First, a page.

Ear infections are one of the most prevalent ENT disorders. They occur when germs become trapped inside the middle ear. The eustachian tube, a tiny tube that originates in the ear and drains in to the back of the throat, usually keeps unwanted germs out. If this tube is too small or becomes clogged by fluid and mucus, bacteria or other microbes may be able to enter the ear and cause an infection.
There are many symptoms of an ear infection, and they vary between individuals. Here are some general indications that you may have an ear infection.
- recent history of an upper respiratory infection
- pain and pressure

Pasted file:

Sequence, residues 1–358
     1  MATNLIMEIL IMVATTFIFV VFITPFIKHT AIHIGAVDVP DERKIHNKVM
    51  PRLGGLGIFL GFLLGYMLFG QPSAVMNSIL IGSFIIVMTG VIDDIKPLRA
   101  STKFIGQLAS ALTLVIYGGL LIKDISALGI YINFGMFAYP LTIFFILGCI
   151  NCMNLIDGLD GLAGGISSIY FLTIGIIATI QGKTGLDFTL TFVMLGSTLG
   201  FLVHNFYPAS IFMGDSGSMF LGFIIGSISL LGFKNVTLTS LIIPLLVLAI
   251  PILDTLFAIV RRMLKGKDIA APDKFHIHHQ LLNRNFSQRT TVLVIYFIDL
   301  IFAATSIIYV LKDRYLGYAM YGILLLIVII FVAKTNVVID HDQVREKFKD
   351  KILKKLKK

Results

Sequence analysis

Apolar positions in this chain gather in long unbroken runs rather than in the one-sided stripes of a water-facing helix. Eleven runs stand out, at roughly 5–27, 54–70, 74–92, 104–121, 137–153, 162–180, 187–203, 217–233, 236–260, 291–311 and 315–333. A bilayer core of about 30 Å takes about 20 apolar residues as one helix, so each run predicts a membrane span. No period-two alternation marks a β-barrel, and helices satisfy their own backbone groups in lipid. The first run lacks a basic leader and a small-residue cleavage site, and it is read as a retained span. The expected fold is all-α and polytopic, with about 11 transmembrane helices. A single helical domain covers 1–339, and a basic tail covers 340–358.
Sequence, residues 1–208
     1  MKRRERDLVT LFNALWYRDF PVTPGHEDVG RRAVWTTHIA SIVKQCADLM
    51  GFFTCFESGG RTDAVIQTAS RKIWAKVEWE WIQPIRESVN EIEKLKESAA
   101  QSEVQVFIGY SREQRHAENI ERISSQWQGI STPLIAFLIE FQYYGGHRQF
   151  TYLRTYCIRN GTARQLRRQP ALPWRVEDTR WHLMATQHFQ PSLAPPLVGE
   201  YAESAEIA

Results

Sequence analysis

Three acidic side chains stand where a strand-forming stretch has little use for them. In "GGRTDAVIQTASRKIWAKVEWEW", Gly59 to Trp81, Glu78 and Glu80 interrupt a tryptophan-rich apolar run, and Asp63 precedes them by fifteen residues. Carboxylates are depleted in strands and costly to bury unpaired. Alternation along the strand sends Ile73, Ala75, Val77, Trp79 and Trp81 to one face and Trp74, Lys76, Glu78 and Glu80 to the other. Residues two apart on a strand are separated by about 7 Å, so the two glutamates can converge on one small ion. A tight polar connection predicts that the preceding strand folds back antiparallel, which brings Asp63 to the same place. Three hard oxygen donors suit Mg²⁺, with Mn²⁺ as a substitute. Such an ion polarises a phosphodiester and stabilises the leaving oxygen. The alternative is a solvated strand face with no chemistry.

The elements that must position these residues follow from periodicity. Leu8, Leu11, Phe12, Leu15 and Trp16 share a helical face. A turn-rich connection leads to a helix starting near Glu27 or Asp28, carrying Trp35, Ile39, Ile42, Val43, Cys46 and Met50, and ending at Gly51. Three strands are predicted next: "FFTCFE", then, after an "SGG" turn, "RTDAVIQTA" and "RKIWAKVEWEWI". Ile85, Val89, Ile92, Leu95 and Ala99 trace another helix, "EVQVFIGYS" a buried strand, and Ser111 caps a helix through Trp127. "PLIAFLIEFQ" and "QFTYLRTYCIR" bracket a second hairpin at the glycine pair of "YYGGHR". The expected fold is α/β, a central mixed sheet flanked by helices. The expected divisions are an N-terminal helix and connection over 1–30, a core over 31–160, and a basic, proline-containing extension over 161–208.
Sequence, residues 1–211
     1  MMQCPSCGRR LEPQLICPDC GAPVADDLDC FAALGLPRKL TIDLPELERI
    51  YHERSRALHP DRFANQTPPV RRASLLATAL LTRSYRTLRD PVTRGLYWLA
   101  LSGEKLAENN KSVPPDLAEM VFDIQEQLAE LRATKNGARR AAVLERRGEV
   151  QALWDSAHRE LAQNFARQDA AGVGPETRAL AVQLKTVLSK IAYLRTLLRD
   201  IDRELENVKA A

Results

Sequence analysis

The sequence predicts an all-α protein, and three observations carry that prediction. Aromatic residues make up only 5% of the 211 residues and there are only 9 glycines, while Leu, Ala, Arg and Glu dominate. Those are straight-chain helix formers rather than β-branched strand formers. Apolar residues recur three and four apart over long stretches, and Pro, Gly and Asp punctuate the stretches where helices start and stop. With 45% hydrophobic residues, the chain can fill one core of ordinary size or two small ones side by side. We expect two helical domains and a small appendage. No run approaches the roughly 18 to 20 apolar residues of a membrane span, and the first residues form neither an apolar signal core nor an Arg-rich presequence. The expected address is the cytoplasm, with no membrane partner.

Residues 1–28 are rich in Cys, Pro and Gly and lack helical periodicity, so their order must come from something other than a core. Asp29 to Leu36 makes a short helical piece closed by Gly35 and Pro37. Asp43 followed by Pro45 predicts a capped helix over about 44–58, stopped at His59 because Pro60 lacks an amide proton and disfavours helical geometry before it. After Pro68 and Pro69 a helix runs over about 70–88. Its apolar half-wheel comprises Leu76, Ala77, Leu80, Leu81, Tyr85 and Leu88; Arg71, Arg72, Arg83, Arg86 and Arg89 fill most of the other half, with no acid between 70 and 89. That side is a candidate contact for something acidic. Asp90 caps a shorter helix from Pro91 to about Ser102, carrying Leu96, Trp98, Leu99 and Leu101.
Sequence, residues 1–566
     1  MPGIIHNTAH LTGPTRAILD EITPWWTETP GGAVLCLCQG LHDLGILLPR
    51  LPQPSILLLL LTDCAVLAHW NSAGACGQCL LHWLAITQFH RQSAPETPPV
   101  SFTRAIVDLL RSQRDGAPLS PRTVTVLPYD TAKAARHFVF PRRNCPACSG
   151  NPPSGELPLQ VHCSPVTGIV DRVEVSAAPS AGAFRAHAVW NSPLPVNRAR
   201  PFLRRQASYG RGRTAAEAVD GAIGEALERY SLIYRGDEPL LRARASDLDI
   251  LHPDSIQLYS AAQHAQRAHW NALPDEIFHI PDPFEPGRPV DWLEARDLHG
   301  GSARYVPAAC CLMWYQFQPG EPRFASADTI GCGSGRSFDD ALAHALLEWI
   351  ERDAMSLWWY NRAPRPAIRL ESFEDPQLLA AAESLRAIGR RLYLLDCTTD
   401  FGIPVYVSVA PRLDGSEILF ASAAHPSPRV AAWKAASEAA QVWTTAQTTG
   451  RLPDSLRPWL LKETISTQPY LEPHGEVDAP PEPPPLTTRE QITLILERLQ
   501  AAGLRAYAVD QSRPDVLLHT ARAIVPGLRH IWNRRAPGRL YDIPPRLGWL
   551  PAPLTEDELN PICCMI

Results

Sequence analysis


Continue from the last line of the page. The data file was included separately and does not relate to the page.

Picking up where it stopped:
- loss of balance
- difficulty hearing
- nausea and vomiting
- fluid discharge from the ear (this indicates perforation of the tympanic membrane)
If you have a small child who cannot tell you that they are sick, you may watch for additional signs such as:
- failure to respond to their own name; failure to startle at loud noises
- fussiness that increases at night
- pulling or tugging at the ear
- decreased appetite
National Institute of Deafness and Other Communication Disorders. Ear infections: Facts for Parents About Otitis Media. Accessed: November 24, 2008.